In this post, App Dev Manager Jason Venema walks us through a practical example using Logic Apps and Azure Monitor to track down who created a Virtual Machine.
Have you ever needed to quickly find out who created a specific virtual machine in one of your Azure subscriptions? If it hasn’t happened yet, it probably will someday. Maybe your Cloud Ops team received an alert that the VM was low on disk space, or maybe it was flagged as being non-compliant. If that happens, you would probably want to contact the person who created the VM so you could inform them of the problem.
“No problem,” you think to yourself. “I’ll just check the Azure Portal. It’s probably on the VM overview blade.”
“Hmm… I don’t see it there. It must be in the properties blade.”
Not there, either. What about PowerShell, you ask? Let me save you the trouble: It’s not there, either.
Alright, that’s a little unexpected, but no worries! You can always go to the Azure Activity Logs. They contain logs for pretty much everything that happens in the Azure portal.
Sure enough, there it is. The problem is that the Activity logs, in addition to being somewhat slow and unwieldy to search through when you have a large number of subscriptions and users, only store events for the past 90 days. If your VM was created more than 90 days ago, you’re out of luck – unless you happen to ship your Activity logs to blob storage, in which case you have an even more unwieldy search experience ahead of you.
There has to be a better way! The good news is that, with a little bit of effort on our part, there is. In this post, I’ll show you how to easily store the creation timestamp and email address of the creator of a VM as tags on the VM itself. My solution leverages Azure Monitor alerts and Logic Apps to create a no-code solution that can be easily extended to record and trigger actions for other important lifecycle events on your Azure resources.
Step 1: Create an Activity Log alert using Azure Monitor
Have you heard of Azure Monitor? It provides base-level metrics and diagnostic logs for nearly every service in Azure. It is also the place you go to find the Azure Activity Logs. Best of all, it’s free!
We’re going to use Azure Monitor to quickly set up an alert that calls a Webhook, but other actions are available including email and SMS. Remember earlier when I said that VM creation and modification events are recorded in the Activity Logs? We’re going to use those events as the trigger for calling a Webhook.
The first step is to head over to Azure Monitor in the management portal and click on Alerts in the menu.
Click the Add activity log alert button. This opens a dialog where you can fill in the details for the alert you want to create.
The top set of fields are all for the alert itself. For example, “Resource Group” is the resource group that the alert should be placed in (not the resource group containing the resource you’re alerting on). Fill in the fields using values similar to those in the screenshot. The “Event Category” should be “Administrative” because that’s the category that Create and Modify events fall under. For the operation name, choose “Create or Update Virtual Machine (virtualMachines)” so you will only trigger alerts when a VM is created or updated.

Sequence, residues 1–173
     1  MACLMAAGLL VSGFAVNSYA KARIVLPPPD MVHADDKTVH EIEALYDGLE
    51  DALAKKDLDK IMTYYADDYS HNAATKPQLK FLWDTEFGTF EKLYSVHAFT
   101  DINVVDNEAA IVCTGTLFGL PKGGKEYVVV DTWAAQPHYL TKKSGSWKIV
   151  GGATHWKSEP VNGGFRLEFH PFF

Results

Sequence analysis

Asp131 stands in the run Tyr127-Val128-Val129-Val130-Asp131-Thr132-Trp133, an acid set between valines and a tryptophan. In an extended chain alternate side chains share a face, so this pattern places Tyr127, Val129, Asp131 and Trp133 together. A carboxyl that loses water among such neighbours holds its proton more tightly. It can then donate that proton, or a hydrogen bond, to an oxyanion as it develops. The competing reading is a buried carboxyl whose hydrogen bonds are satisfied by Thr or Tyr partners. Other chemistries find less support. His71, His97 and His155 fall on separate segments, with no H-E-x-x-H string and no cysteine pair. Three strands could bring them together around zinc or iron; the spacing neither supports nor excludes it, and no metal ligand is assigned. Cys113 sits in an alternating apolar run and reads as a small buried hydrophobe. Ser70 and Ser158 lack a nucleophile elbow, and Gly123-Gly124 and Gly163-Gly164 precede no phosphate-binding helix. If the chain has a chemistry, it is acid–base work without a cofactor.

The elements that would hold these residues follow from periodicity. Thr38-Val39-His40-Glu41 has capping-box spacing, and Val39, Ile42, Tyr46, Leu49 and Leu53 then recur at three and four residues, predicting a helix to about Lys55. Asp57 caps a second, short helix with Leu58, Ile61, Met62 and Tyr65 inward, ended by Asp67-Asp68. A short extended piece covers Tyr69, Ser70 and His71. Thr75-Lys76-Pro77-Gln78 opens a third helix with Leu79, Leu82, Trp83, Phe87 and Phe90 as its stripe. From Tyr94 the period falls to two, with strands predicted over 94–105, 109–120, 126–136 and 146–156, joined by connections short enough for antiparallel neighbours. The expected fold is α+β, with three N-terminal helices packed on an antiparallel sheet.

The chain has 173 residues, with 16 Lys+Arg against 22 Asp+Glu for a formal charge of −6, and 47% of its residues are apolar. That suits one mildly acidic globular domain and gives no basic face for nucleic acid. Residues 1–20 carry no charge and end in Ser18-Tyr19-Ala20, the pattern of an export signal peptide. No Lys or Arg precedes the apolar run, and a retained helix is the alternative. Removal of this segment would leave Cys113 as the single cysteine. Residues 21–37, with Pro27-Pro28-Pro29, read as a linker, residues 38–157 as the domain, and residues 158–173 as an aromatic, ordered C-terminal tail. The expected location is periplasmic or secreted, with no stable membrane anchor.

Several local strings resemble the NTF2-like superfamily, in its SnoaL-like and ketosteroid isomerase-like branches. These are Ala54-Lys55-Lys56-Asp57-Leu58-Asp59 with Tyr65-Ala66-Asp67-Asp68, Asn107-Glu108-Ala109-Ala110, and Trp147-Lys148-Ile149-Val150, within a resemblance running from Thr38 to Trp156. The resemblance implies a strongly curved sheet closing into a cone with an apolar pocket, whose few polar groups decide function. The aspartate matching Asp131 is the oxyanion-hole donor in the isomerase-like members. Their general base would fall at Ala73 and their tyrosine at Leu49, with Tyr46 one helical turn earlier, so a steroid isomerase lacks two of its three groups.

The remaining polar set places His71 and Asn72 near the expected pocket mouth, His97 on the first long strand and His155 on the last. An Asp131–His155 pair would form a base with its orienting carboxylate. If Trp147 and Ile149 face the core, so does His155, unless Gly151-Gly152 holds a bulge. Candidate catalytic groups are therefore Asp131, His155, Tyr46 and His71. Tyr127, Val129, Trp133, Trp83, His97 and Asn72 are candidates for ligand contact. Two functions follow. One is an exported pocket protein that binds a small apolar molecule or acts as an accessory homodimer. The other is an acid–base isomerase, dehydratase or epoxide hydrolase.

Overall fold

Now we need to configure an action to take when the alert is triggered. For this, we’ll create an action group. We’ll be calling a webhook endpoint for our solution, but other options include sending an email or SMS. Select an Action Type of “Webhook” and edit the details. For now, we’ll leave the URL blank, but we’ll come back to this part later after we create our Logic App. Save the alert and we’re ready to move on to the next step.
Step 2: Create the Logic App
Logic Apps are amazing. You can create workflows that respond to any of the numerous built-in triggers, with a vast array of out-of-the-box actions. We’re going to create a Logic App that responds to our Activity Log alert webhook that we just created.
First, navigate to the Logic Apps service in the Azure management portal (it might easier to open a new tab, so you can easily come back to your Activity Log alert later). Click the “Add” button to create a new Logic App. This part is pretty straightforward, and all you really need to provide is the name and location for the app.
After that’s done, you will see the overview blade for your Logic App. Click the Edit button in the toolbar to begin editing the app. This is where we’ll add the triggers and actions. The first trigger we want to add is the “When an HTTP request is received” trigger, which will kick off the app when our activity log alert fires. The webhook uses a POST request to send a message body in JSON, and we need to paste the schema of that message into our action. Logic Apps will generate the schema for you if you click the “Use sample payload to generate schema” button and paste in a sample JSON payload. For our Activity Log alert, you can get a sample payload by adding an additional Webhook to the alert and pointing it to a service like RequestBin. Once you have the sample payload, paste it into the Logic App and click OK.